What is a German Shepherd Dog?

When I wrote the piece that Cat Warren posted on her blog, What the Dog Knows/Cat Warren I described how the function of the German Shepherd Dog formed the breed’s character. The breed’s function has broadened from tending and all-purpose farm dog (yes, farm dog as uncomfortable as that makes some people!) to police, military and assistance dog beginning with leading the blind to now, assistance and service dogs for a wide range of purposes. A breed’s function always forms its temperament in an ever ongoing evolution. Herding breeds that work closely with humans generally have acute awareness and social skills. Herding is a sort of ballet with dogs, humans, stock and the environment.
Over the almost half century that I’ve lived with German shepherds, (that’s a frightening thought!) I’ve tried at various times to create a list of adjectives for the breed’s character. The list is always long – and always lacking.
The qualities of general awareness and, in particular, social acuity hold much fascination for me. These qualities can also make the breed a bit challenging to raise and live with! I wonder if the shepherd owners who have trouble with their dog compound their difficulty because they don’t appreciate just how perceptive their dog is of the environment, other dogs’ body language and not the least, humans’ unfortunate habit of miscommunication. Alas – that is another blog post for the future. Let’s get back to our shepherd character.

Zen at 7.

Zen at 7.

Living with dogs so attentive to their surroundings has helped me notice more. Recently when Zen was trotting down the hall where a tiny bit of leaf had dropped from my husband’s shoe, he turned his attention – mid-trot – to look and sweep his nose close to get a sniff. Now, our home is not pristine, believe me, so this is not the only bit of stuff on the floor! But – it was a new bit of stuff.

I’ve had fun placing new items in my shepherds’ environment to see how much they notice. A small rock on our walkway that I place the night before is noticed by my dogs as they race each other outside to chase the deer and squirrels away from their fence the next morning. A rock! Only a couple inches in diameter that is placed among all the sticks, toys – other rocks – is noted and smelled while they are competing with each other at a full run! Hilariously, this can cause a temporary log-jam as they briefly inspect this new imposter and, with typical German shepherd attitude, give permission for it to remain!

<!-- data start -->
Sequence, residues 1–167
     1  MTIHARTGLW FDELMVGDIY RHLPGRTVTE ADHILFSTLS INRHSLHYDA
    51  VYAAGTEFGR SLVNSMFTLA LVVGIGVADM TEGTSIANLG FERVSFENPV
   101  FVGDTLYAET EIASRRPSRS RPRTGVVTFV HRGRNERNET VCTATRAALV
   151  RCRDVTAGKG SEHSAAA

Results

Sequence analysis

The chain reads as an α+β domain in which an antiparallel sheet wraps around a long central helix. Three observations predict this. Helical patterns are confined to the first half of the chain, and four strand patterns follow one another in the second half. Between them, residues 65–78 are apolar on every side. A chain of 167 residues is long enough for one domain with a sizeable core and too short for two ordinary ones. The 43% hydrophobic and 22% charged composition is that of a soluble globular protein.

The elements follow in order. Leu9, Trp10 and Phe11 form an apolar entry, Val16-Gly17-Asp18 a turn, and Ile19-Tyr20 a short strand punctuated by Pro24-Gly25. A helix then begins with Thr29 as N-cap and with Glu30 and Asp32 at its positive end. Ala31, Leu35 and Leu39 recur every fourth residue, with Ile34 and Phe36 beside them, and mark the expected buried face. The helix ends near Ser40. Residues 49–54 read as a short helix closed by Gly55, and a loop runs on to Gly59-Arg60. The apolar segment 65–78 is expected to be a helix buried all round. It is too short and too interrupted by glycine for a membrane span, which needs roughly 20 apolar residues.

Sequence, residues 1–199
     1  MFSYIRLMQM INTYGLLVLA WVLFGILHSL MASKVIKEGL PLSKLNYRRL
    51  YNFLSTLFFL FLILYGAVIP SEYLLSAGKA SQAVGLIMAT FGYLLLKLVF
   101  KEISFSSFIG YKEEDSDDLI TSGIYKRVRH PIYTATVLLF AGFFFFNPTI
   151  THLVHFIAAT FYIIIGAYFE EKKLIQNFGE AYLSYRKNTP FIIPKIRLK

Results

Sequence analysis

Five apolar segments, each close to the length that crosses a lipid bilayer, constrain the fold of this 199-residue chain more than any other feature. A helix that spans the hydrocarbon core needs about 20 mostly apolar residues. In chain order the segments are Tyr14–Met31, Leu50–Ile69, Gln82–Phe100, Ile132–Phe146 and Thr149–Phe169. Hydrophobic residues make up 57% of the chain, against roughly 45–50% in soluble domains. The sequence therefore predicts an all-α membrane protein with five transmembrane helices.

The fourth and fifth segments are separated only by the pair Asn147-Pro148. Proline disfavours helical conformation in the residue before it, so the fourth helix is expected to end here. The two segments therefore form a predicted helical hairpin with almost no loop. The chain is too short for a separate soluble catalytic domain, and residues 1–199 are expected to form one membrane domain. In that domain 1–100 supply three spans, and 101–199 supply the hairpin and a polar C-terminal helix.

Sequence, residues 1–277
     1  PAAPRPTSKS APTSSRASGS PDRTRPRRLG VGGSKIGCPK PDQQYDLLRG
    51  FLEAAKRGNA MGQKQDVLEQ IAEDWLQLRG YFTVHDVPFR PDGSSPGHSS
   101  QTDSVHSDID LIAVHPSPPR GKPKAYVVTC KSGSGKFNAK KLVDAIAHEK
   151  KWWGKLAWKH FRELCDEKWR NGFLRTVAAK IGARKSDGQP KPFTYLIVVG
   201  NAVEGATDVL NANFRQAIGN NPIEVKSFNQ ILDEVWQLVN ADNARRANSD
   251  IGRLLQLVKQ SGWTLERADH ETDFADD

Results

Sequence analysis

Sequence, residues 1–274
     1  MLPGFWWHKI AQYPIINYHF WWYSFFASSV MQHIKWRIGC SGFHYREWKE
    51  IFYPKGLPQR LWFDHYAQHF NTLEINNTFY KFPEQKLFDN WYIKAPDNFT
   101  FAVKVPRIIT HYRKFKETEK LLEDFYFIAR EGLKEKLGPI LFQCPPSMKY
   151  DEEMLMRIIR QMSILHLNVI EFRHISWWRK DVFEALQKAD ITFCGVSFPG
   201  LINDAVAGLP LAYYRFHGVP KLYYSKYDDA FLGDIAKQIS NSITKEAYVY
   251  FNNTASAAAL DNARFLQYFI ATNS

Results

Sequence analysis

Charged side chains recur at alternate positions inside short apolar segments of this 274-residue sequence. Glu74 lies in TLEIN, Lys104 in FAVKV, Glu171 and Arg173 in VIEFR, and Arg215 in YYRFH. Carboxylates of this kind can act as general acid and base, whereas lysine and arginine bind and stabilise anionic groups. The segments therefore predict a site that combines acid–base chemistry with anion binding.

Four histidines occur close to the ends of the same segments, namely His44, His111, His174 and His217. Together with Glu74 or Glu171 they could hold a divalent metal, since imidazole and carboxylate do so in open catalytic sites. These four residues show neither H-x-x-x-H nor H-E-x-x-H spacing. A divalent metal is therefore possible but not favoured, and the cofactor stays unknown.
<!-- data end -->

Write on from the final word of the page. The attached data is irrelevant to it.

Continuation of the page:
How many of us notice new or altered details as we go about our daily routine to this extent or even close to it?
Herding was a hobby that I participated in for more than 10 years. I was not a great trainer and I did not have dogs achieving high levels of titling in herding. I did work with many dogs, though; titling to test levels and testing numerous adolescents with sheep. The one thing I did learn was to read sheep and dogs; the subtle signals they recognize in each other.
German shepherds are loose-eyed dogs – meaning they don’t stare intensely at the stock to control them. It’s a good thing, too because most German shepherds embody a high power level not only with their personality but their overall appearance. Sheep notice German shepherds!
One of my more astute dogs, Sascha (Serena vom Framheim HT, PT, TD, OFA G/normal (h/e)) educated me tremendously. She did use eye and while she was still inexperienced, the effect was more powerful than she or I could often handle. We worked it out though. The end result was a dog that understood her power and used it effectively. One of the exercises was to allow the sheep to graze while she maintained them in a group. To be honest, even though it was a worthy exercise, it allowed me to catch my breath!
Sascha learned to position herself in just the right spot so she could control the sheep. She also learned to use her eye to advantage – being careful to look ‘past’ the sheep while they were stable and content. She taught me to recognize the very, very tiny change in a sheep’s expression (yes, sheep have expressions!) and body posture when a sheep was thinking of departing. A small shift in her eye towards the recalcitrant sheep and that was the end of that notion. The sheep decided the grass was just fine where it was!

Serena vom Framheim HT, PT, TD, OFA G/normal (h/e)

Serena vom Framheim HT, PT, TD, OFA G/normal (h/e)

Dogs fine-tuned to such an extent that they seem to read minds! German shepherds, in general, show remarkable finesse in reading their surroundings as demonstrated by Sascha (and any number of herding dogs) in anticipating a sheep’s intention – not an actual movement – but an intention to move! To balance this acuity, a German Shepherd Dog requires a sound and stable genetic temperament as well as an upbringing rich with variety to enhance this keenness. We can assume that this discernment does not end with sheep. Our dogs study us and they have plenty of time to do so. What must they see in us especially since we have largely dulled our abilities with body language. What an incredible breed – keenly aware yet robust and resilient.
And I promised to talk about a particular little pup in the earlier blog post, didn’t I? Patience – we will get there! Next time I’d like to chat about shepherd puppies in general. (And who doesn’t want to talk puppies!)

Puppies!!!

Puppies!!!

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